Whenever I go back to my hometown, I feel like I’m returning to a “Twilight Zone” of unstuck time—“One Hundred Years of Solitude,” except with more weed and suburban ennui. Save for the occasional cosmetic uplift of a building, or a new outcropping of McMansions popping up where a forest used to be, the space between Exit 8 and Exit 10 of MA I-95 is ageless.
When I was in high school, we all were convinced of our uniqueness, and that our angst was our shared experience that outsiders could never understand. It made us arrogant, it made us triumphant, and it brought us together. Now I drive past the high school and see the kids leaving school, and I realize they are having an experience identical to mine as my sister did before me, as the seniors when she was a freshman had before her, and so on. The lesson plans stay the same, along with the traditions, the archetypes of students, and the directions that they leave in.
I keep going down the road and drive past my elementary school, and realize the same is true, although that experience is so removed from my memory that I can’t even relate to having ever been in those elementary schoolers’ positions. But eventually they will be in mine.
My friends have changed, but we’re the same when we’re together. We do the same boring shit we always did (mostly commenting on how boring our town is, and making grand plans to go places that we rarely follow through with). It’s comforting, but it makes you go a little insane after a while. They drop me off at my house at the end of the night, driving down a route that I must’ve been on an infinite number of times. I stand on my front stoop in the cold Massachusetts December night and look out at my neighborhood, a vacuum of noise at this hour of the night, and realize this is quite literally the single view that I have seen the most in my life. I stand on my front stoop and I could be returning from my first date, or I could have just been accepted into college, or I could be coming back from my first day of kindergarten, and nothing would be different. This is my personal spot of the universe, the front door of my childhood house, a tiny piece of space that for me will always signify home, no matter where I live.
And this all is pure sentiment, and nothing more. But we need these rocks in our life, these timeless anchors to keep us in place. I had a conversation with a friend the other day in which she said she felt guilty when she spent too much time dwelling on what she considered selfish and menial subjects—namely, relationships and internal conflicts—in the face of all the real problems we’re hit over the head with during class, the problems that every new generation is tasked with fixing in their commencement addresses.
We’re going to spend our lives addressing these macro problems in whatever grandiose jobs we’ll all end up with, but in the end there will always be new problems to address, and a new generation to address them. If I come back to Columbia in 10 years and stand on Low Steps at 3 in the morning looking at Butler and the empty campus, it will look the same as when I was on Days on Campus, or finishing Columbia Urban Experience, or standing with my friends the night before graduation. And it will be the same. I will be a stranger on campus, just as I feel now in my hometown, but the people inhabiting campus will be identical to what I once was, just at a different point in time.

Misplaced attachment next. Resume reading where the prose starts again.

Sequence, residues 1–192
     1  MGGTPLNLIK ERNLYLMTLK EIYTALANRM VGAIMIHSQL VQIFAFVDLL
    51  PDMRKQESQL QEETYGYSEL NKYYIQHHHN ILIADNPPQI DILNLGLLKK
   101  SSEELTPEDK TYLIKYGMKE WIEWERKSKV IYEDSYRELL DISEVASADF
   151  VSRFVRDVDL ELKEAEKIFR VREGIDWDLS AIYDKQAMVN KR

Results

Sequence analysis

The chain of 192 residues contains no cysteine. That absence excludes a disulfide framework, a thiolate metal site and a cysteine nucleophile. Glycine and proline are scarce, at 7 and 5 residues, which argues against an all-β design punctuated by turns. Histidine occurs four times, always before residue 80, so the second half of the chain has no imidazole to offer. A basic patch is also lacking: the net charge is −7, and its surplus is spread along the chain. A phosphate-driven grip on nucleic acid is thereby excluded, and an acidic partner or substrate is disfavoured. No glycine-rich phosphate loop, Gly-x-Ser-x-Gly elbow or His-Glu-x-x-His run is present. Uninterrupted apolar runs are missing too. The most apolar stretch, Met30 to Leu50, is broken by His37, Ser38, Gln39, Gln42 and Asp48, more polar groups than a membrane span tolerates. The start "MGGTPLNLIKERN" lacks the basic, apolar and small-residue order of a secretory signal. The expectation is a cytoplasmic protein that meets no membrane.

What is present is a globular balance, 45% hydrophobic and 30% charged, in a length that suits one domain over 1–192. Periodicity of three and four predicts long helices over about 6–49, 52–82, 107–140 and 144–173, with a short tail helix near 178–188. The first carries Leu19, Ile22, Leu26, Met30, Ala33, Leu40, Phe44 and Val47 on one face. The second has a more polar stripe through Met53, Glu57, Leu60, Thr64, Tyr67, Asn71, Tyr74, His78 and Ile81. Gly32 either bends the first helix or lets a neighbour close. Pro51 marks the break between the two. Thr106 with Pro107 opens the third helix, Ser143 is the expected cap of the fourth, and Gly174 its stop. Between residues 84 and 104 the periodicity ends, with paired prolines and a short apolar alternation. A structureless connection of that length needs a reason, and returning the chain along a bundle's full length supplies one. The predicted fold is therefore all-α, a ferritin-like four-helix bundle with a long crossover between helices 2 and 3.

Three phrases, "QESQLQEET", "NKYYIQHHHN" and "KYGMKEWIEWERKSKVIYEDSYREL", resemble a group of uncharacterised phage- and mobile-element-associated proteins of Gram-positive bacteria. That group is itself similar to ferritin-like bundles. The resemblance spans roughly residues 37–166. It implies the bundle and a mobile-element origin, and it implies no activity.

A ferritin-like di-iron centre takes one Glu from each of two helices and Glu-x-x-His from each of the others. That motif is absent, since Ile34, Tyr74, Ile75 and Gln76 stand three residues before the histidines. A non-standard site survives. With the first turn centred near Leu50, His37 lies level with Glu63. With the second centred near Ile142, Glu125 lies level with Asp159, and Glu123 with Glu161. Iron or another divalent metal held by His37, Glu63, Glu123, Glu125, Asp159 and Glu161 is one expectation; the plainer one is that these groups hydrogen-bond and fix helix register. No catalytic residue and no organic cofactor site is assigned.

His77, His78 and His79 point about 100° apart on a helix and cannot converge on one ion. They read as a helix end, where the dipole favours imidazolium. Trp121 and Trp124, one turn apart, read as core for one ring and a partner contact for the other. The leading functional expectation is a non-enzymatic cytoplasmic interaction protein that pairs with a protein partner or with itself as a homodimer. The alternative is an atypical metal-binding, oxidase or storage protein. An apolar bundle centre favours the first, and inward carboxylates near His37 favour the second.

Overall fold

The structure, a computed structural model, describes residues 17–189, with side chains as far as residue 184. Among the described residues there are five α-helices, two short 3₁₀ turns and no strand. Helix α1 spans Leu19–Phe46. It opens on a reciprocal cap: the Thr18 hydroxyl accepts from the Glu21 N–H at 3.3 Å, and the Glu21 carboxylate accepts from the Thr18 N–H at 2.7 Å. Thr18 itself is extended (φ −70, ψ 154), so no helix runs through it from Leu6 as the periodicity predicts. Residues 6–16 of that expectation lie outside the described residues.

Knowing that the time we spent in an area and the experience we had while there are meaningless when you extend the scale—no matter how large an impact we thought we had—all we have to hold on to is what personally gave us meaning. And that’s pure sentiment. As much as our generation values irony and avoids sentiment, what gives our experiences meaning will almost entirely consist of relationships, lost relationships, and memories.
As we get older, the impacts we are able to have on the world will gradually increase, and what our spheres of meaning consist of will increase, but the cores will always be personal sentiments—the intangible things that don’t matter to anyone else in the world except for you and the people who experienced those things with you. We close ourselves off to the vast majority of people we encounter and only give them a shadow of who we are. But the only way to get through life is through shared commiseration, or through choosing people to share the burden of absurdity with. When I go back home, I have a family—my childhood friends and actual family—that will be timeless and always understand me, which is why going home is always such terrifying affair. When we leave Columbia, no matter how concerned we become with the real world, and how much we think that we’ve changed, we always need to hold on to that anchor. This, I’m convinced, is the only way to hang on to happiness and sanity.
Leo Schwartz is a Columbia College senior majoring in political science and Latin American studies. Rationalizing the Irrational runs alternate Fridays.
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